u Interested parties – replaces “stakeholders”
u Leadership – requirements specific to top
u Maximum acceptable outage (MAO) – “time
it would take for adverse impacts, which
might arise as a result of not providing a
product/service or performing an activity, to
become unacceptable.” This is effectively
the same as maximum tolerable period of
disruption (MTPD) that was in BS 25999-2
u Minimum business continuity objective
(MBCO) – “minimum level of services
and/or products that is acceptable to
the organization to achieve its business
objectives during a disruption”
u Performance evaluation – covers the
measurement of BCMS and BCM
u Warning and communication – activities
undertaken during an incident
Clause 4.0 is a component of "plan" in the Plan Do Check Act (PDCA) cycle. It
introduces requirements necessary to establish the context of the BCMS as it applies
to the organization.
Those familiar with BS 25999 will see that Clause 4.0 is more focused on business
continuity at the organizational level.
It requires that the organization demonstrate an appreciation and understanding of its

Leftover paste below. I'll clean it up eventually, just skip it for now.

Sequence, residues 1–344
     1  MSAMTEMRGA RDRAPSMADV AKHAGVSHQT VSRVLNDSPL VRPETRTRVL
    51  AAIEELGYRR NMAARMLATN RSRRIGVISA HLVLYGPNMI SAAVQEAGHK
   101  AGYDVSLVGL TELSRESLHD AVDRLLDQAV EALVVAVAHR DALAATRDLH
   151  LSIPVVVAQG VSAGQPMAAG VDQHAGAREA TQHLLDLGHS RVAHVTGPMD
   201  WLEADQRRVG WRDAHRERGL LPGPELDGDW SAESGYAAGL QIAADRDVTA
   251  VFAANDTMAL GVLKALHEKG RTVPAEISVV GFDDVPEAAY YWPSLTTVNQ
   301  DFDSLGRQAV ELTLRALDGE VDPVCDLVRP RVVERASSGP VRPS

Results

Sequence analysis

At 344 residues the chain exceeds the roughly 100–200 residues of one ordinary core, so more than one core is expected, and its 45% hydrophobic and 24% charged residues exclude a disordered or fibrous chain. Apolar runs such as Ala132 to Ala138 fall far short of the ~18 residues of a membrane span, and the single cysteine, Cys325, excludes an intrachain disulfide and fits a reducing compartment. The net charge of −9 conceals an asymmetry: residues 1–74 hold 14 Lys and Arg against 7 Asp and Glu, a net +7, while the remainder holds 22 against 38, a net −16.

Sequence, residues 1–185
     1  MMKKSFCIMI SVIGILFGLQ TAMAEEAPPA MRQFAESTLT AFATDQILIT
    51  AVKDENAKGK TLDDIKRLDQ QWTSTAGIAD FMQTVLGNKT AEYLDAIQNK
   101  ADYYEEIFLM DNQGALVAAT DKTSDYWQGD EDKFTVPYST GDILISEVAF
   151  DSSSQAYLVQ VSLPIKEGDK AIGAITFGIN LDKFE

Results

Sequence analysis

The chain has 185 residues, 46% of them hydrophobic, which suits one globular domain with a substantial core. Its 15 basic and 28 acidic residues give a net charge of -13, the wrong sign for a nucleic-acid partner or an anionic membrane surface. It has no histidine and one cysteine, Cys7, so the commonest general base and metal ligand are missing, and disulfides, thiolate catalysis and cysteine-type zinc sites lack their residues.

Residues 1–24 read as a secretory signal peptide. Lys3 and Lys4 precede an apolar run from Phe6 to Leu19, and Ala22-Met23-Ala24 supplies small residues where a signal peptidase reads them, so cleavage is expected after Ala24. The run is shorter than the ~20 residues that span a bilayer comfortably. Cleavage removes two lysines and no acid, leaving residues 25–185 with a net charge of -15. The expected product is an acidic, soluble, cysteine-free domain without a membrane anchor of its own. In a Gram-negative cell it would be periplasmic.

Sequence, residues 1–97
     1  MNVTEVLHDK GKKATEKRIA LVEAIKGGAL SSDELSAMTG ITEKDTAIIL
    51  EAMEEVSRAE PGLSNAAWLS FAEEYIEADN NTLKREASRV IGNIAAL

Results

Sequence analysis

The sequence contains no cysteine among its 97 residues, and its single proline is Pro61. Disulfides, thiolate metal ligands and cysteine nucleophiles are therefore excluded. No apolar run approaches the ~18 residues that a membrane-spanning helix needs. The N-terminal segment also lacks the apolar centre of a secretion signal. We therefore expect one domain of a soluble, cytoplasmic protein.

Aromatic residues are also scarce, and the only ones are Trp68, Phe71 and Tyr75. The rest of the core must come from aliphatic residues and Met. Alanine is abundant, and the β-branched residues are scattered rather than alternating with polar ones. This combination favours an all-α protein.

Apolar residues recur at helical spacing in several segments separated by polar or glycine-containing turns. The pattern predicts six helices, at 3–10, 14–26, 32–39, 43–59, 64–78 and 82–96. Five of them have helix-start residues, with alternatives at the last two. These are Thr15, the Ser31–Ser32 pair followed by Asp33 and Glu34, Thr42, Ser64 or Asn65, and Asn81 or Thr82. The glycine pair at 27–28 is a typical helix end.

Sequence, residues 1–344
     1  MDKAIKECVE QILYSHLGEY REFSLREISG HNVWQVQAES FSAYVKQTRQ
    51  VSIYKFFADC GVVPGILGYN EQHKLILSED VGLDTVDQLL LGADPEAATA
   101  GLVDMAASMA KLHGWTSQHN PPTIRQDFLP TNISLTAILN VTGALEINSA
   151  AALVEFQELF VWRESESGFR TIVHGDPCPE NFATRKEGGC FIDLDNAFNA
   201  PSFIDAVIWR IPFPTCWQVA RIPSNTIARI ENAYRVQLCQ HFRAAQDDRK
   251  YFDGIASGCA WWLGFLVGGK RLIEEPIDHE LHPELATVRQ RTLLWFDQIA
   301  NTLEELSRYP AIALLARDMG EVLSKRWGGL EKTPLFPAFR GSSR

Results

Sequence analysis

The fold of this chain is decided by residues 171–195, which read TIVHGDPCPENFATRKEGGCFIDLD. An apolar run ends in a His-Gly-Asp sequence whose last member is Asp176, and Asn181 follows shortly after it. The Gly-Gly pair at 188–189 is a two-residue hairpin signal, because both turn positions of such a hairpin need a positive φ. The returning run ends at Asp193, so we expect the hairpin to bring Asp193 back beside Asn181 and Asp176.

reason for existence aligned with the needs and expectations of its stakeholders.
This will determine its business continuity policy and objectives, how it will consider risk,
and the effect of risk on its business.
Consideration of an appropriate scope for the BCMS is required and a link with core
objectives and stakeholder requirements should be evident.
Also, a component of "plan." Clause 5.0 summarizes the requirements specific to top
management’s role in the BCMS, and how leadership articulates its expectations to the
organization via a policy statement.
Clause 5.0 introduces a new focus on top management. Top management leadership
shall be demonstrable towards the management system.
Clause 6.0 introduces an increased focus on planning, and is very much geared toward
making sure that the BCMS links with the objectives of the organization, as well as its
A component of the "plan" describes requirements as it relates to establishing strategic
objectives and guiding principles for the BCMS as a whole. The content of Clause 6.0
differs from establishing risk treatment opportunities stemming from risk assessment,
as well as business impact analysis (BIA) derived recovery objectives.
See a high-level overview and explanation of the structure of ISO 22301:2012 on
There is a growing concern about the
continued increase in business environment volatility that makes the task of
managing business continuity and global
supply chains tougher every day. Changes
over the last few years in the social, political, technology, environment, and economic domains around the world, suggest
that the business landscape and paradigm
of supply-chain management has transformed permanently.
By adopting a standard approach to
BCM as set out in ISO 22301, organizations can offer their customers and clients
greater assurance that they will be capable
of maintaining continuity of operations